All right, buckaroos, I sent off the last files yesterday, so here she is - “Golden West.”
That’s Club Tsock #5, and it’s as anatomically correct a cowboy boot as I know how to make.
Of course, it’s not just ANY cowboy boot. It’s Minnie’s cowboy boot, and it’s inspired by Puccini’s “La Fanciulla del West,” possibly the silliest opera of them all - and that’s saying something, opera being fundamentally a silly business.
See, the opera is based on David Belasco’s play “The Girl of the Golden West,” which isn’t unusually silly as Gold-Rush Westerns go. But slap an Italian libretto on it, and what do you get? Spaghetti, of the spaghettiest possible kind.
Don’t get me wrong. I love the piece like crazy. And the music is beautiful and the scenario moving. But I can’t hear Minnie (whose name inevitably sounds like “Meanie” in Italian) sing “Hallo, boys!” or “Che c’è di nuovo, Jack?” (”What’s new, Jack?”) without cracking up. You gotcher good guy, Meesterr Deeck Joh-nson, da Sacramento (actually the bandito Ramerrez in disguise). You gotcher bad guy, il scerriffo (the sheriff) Jack Rance. Then there’s also one Meesterr Ashby, agente della Compagnia di trasporti Wells Fargo. And there’s a chorus of minatori (miners) and they’re always calling out “Hallo!” to each other and playing una partita di poker.
It’s… silly. And I love it.
(I also have a special feeling for it because my grandfather was present at the dress rehearsal for the momentous world premiere, at the Metropolitan Opera in 1910 - but that’s a story for another time.)
OK, so Meanie falls in love with Meesterr Joh-nson, not knowing that he is a bandito in disguise, right? And then when the scerriffo is after him, he comes to her door, and he’s wounded, and she’s shocked that he lied to her, but of course she still loves him, so she takes pity on him in his weakened state and she hides him in the attic. None too soon, because a moment later along comes the cruel lecherous scerriffo, who incidentally has the hots for Meanie, and she brazens it out and lies like a trouper, and just as she’s got him convinced that he’s on a wild goose chase… two drops of blood fall from the ceiling and land on his hand. So of course all is revealed, and things start looking pretty grim for Meanie and Deeck, who at this point makes a tottering appearance and promptly passes out at Meanie’s feet. She immediately goes all tigress, and desperately challenges the scerriffo to una partita di poker, best two hands out of three. If he wins, she tells him, he can take Deeck… and her, too. But if SHE wins… she gets to keep her virtue and her man.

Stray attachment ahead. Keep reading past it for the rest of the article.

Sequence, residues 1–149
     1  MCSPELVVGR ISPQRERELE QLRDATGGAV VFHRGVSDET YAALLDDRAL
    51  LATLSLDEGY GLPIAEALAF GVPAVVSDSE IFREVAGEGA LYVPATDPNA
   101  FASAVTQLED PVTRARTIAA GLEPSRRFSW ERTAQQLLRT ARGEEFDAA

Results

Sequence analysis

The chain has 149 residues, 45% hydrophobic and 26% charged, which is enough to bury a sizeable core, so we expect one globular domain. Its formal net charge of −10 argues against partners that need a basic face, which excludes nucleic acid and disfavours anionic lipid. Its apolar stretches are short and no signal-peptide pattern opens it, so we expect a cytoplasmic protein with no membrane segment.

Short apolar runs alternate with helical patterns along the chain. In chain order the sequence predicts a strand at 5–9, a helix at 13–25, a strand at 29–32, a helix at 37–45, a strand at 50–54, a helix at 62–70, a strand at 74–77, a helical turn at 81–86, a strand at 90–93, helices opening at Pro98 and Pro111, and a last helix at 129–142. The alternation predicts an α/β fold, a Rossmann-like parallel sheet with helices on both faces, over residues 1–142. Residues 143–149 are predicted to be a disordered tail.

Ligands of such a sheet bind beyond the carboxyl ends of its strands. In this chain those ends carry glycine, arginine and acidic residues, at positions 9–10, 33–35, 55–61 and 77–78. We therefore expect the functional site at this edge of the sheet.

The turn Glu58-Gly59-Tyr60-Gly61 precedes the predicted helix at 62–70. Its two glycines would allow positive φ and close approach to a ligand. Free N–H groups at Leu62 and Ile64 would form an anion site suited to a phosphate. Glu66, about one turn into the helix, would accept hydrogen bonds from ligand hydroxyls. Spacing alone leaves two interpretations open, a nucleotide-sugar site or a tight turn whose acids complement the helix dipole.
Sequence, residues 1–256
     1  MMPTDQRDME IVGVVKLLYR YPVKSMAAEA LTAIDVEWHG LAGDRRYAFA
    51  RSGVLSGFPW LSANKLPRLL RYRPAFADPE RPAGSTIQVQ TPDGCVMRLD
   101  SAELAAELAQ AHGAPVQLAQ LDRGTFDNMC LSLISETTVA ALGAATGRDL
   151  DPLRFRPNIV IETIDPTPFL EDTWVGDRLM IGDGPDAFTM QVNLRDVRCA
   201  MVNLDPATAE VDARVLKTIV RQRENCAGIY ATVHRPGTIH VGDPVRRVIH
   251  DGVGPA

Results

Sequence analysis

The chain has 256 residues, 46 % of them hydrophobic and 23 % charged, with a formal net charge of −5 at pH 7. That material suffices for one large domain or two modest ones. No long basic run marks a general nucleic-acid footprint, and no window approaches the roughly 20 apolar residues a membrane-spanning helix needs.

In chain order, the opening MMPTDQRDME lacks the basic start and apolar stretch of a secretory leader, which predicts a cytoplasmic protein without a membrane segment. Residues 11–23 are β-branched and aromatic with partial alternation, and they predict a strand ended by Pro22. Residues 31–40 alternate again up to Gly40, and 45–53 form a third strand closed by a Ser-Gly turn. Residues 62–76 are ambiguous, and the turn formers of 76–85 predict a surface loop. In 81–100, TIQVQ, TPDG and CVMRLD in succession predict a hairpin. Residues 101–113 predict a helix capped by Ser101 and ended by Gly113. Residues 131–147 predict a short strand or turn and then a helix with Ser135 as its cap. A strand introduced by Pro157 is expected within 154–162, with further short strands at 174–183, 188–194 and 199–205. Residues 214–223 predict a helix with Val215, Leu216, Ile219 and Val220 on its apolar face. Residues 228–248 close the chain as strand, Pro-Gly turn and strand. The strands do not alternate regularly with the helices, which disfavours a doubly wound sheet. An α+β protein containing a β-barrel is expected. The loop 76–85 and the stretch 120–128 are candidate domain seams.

Like a schmuck, he agrees. They play. She wins a hand. Then he wins a hand. The tension mounts and the music swells as they deal the third hand - then she stages a diversion, and when he’s looking the other way she pulls due assi (two aces) out of her boot, giving her the full house she needs to win.
And that’s just the climax of Act II.
So… the sock is a classic two-tone cowboy boot, with a surprisingly comfortable pointy toe…
… and a high (but not too high) stacked heel:
It’s worked from an i-cord cast-on at the ankle, which serves as a flat-felled seam connecting the lizard-skin upper…
… to the extravagantly-topstitched textured-leather top:
Of course the top of the top is split…
… and piped and curved…
… and of course it features functional bootstraps:
The two aces appear on the tongues, which also provide a little extra ease for the instep. One is a spade -
- the other a heart:
(Obviously this picture was taken before topstitching and assembly.)
The treacherous drops of blood are also represented, one on each boot:
This is, in short, exactly the footwear for saddling up, rescuing your lover from the gallows in the nick of time, and galloping off together into the sunset, singing “Addio, mia California, addio!” in swelling harmony.